BMT Fleet Technology, of Ottawa, Ontario has announced its collaboration with the University of Victoria to design and deliver North America's first ever hybrid, electric research ship. The vessel, formerly known as CCG Tsekoa II, will be used by the University as a research facility off the British Columbia (BC) coast to investigate changing coastal ecosystems, marine resources and continental shelf and slope dynamics.
Funding in excess of $10 million has been provided by the Canada Foundation for Innovation, the BC Knowledge Development Fund and other partners, including industry. Kim Juniper, Lead Scientist on the project comments: "As a national and international leader in the study of the oceans we are always looking to enhance our research capabilities. With the help of BMT Fleet Technology and its marine engineering expertise, this ship will enable us to perform acoustically sensitive studies in the ocean and on marine mammals, without the thundering noise of diesel engines."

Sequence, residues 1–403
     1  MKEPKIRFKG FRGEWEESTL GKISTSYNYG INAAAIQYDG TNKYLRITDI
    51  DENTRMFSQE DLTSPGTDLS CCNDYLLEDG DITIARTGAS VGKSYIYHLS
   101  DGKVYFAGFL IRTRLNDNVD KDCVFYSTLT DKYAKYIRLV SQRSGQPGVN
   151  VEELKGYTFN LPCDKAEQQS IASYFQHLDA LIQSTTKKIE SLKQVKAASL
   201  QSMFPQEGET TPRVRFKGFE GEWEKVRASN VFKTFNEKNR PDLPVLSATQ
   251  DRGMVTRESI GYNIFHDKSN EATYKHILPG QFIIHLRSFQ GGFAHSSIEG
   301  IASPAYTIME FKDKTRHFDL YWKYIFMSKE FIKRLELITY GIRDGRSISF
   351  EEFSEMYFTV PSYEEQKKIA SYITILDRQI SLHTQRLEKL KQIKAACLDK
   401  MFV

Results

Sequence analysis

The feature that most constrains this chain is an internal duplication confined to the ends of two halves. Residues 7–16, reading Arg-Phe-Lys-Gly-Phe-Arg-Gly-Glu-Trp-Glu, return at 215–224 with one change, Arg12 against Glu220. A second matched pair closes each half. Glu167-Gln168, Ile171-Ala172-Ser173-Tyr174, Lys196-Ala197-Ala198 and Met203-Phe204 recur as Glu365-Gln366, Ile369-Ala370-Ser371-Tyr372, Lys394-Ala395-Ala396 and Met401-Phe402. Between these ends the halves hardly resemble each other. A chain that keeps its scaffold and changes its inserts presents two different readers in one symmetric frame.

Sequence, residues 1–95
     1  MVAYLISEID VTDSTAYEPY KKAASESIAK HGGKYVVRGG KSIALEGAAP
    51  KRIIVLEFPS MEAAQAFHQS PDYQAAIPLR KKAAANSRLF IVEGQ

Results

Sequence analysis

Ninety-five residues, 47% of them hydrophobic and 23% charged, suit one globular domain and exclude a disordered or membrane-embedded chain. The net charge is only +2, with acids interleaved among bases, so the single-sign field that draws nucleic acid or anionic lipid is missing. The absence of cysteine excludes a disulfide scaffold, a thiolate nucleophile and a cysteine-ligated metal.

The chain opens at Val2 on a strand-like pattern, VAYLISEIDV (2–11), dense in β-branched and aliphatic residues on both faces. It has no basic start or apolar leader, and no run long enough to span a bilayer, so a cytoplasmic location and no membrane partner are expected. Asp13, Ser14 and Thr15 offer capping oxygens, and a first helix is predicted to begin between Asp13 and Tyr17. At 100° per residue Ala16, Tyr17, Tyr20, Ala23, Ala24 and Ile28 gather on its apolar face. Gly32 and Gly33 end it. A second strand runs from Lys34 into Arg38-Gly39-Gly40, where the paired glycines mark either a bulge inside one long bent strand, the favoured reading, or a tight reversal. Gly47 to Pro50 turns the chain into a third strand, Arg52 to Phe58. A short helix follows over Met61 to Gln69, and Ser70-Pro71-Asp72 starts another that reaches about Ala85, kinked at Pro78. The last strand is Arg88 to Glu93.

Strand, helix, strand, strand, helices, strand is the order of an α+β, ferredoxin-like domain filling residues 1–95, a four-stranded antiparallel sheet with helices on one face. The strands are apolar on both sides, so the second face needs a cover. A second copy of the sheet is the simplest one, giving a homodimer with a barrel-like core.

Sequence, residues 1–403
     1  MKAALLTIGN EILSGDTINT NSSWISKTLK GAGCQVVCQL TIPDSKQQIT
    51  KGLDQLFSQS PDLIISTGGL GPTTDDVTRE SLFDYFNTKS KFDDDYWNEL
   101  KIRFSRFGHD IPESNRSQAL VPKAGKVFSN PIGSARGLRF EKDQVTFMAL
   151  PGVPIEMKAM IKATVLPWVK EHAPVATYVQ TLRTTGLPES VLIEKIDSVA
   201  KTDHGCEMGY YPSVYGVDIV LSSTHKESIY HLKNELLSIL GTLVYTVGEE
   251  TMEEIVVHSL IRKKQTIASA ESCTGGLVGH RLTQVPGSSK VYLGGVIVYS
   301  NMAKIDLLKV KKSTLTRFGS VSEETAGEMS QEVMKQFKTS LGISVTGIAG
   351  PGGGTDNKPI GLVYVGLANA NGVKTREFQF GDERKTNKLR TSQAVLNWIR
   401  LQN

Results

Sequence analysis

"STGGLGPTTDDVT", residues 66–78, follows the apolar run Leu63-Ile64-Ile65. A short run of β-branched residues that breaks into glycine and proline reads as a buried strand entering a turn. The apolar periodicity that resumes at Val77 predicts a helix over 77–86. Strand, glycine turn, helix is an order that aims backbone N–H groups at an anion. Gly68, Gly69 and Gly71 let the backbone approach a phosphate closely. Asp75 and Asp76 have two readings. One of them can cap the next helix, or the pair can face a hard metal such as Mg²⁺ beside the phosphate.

The vessel which is currently 26.7 metres long and 7.25 metres wide at the beam will be cut in half and a new section will be inserted at mid-ship in order to bring the total length to 33 metres. The new section will include a science lab and additional berths to accommodate 15 crew and scientists.
David Stocks, Vice President - Pacific Region, BMT Fleet Technology explains: "We are very proud to be working alongside the University helping to deliver a ship which is not only fit for purpose, but also environmentally friendly. Through the application of green technology a reduction in carbon emissions will be achieved, as well as an enhancement in the ship's fuel efficiency."
An innovative leader in providing through-life engineering support, BMT Fleet Technology will align the new ship design with the University's requirements, equipping the vessel with a hybrid-electric propulsion system powered by batteries, fuel cells and low-emission diesel generators.
This project aligns with the pioneering work being undertaken by BMT Group Ltd, investigating nuclear propulsion and the commercial maritime applications for small modular reactors. This research is being carried out through a newly formed consortium which also includes Lloyd's Register, Enterprises Shipping and Trading and Hyperion Power Generation.